Every school system is facing uncomfortable cuts. Discussions have involved trimming programs, laying off teachers and even consolidation. But for urban school districts, this economic shortfall is threatening the ultimate collapse of district services. Wednesday night, the Kansas City, Mo., School Board voted 5-4 to close almost half of the district's buildings including schools.
For more than five decades, an incendiary situation has been building. The Great Recession of 2009 has become the spark that started a wildfire that could consume many metropolitan school systems.
Every school system is facing uncomfortable cuts. Discussions have involved trimming programs, laying off teachers and even consolidation.
But for urban school districts, this economic shortfall is threatening the ultimate collapse of district services.
Detroit voters are considering disbanding the school board and putting schools under the supervision of the mayor and city council.
Wednesday night, the Kansas City, Mo., school board voted 5-4 to close almost half of the district's buildings including schools.
The number of students in Kansas City has been continually dropping for more than 50 years. Now with further cuts in state and federal aid - and the end of funding from a $2 billion reserve account the district accumulated after a court-ordered desegregation plan - they were facing potential bankruptcy if drastic measures weren't taken immediately.
"The urban core has suffered white flight post-the 1954 U.S. Supreme Court decision Brown v. the Board of Education," said board member Sharon Sanders Brooks. "And now the public education system is aiding and abetting in the economic demise of our school district. It is shameful and sinful."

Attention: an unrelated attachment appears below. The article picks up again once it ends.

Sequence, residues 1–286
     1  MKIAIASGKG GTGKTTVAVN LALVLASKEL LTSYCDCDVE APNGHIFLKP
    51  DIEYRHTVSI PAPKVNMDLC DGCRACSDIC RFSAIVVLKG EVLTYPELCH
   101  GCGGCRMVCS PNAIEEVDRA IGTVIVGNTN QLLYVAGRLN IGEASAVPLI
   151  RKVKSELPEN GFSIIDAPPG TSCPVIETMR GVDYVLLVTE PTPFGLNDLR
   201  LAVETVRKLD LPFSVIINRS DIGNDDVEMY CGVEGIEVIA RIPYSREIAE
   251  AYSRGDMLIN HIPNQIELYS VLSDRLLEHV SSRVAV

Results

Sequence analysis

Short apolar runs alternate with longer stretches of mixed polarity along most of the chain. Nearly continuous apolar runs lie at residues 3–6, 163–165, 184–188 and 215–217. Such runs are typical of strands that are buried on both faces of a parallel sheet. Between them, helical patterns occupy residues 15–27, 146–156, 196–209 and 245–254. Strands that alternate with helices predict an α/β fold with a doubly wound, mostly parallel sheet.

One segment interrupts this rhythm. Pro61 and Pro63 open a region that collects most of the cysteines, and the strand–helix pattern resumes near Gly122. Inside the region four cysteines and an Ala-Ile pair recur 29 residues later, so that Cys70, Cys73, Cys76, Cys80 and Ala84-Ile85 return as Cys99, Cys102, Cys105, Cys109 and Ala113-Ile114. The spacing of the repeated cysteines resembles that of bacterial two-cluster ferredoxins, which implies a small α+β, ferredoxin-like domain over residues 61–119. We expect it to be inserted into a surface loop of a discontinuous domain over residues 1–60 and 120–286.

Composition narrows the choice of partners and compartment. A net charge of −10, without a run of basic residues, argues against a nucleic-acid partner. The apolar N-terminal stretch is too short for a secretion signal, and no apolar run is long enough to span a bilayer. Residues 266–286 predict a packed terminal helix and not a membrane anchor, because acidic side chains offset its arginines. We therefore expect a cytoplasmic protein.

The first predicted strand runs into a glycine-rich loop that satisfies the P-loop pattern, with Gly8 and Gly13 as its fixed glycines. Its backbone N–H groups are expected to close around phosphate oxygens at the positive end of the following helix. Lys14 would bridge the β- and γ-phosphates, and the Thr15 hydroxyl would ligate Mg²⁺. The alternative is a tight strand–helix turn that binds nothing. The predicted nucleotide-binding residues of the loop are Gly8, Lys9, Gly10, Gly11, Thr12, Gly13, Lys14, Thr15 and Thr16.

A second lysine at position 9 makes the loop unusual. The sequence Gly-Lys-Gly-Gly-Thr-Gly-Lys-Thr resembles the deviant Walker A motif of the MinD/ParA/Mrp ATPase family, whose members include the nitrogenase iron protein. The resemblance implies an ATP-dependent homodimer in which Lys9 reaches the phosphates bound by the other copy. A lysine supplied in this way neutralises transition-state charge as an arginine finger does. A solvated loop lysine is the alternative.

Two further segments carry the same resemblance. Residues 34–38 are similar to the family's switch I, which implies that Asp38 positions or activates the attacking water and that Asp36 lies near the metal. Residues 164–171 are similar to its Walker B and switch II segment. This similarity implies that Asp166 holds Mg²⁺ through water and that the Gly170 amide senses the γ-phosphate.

The problem does go back to the landmark Supreme Court case that did away with the Plessey v. Ferguson ruling that segregation was acceptable as long as services and facilities were separate but equal.
In the Brown ruling, the court unanimously concluded that separate was inherently unequal in education.
After that 1954 decision, black students were no longer bused to one of four "black" schools in Topeka. They were free to attend any of the district's 22 schools.
But Brooks is wrong that closing the schools in Kansas City is somehow immoral. It is true that separate is unequivocally unequal. But it is equally true that parents want the best for their children.
Schools in lower socio-economic environments tend to produce students with lower test scores. So parents with the means pull their students out of these failing schools and enroll them in suburban, private or parochial schools. This pattern is sometimes referred to as "white flight."
But the truly insidious competitor with inner city state-funded schools is the state-funded magnet school.
These schools take selected students out of the regular environment and put them into specialized schools that focus on science and math, the arts or other disciplines. This pulls top performers from already struggling schools thus lowering average results even further.
One ironic twist is that the Topeka School District is host to a magnet school only a few blocks from the National Brown v. Board of Education Historic Site.
As parents have pulled their students into environments that are more conducive to higher achievement, districts like Kansas City have seen their enrollments drop to levels similar to those of a century ago. As the students leave these districts, they take with them the per student state funding.
So with their student population cut in half, Kansas City was left with no choice but to make drastic cuts in buildings and employees.
No solution has been found to extinguish the problem of low performing schools in impoverished inner-city areas.
Schools are no longer segregated but they aren't any closer to being equal than they were before. Perhaps the demise of inner city districts will force students into more balanced schools.
The irony would be how far students would have to be bused before they reach their new, higher performing schools.
Kent Bush is publisher of the Augusta (Kan.) Gazette.
The opinions expressed in this column are those of the writer and not necessarily those of the newspaper.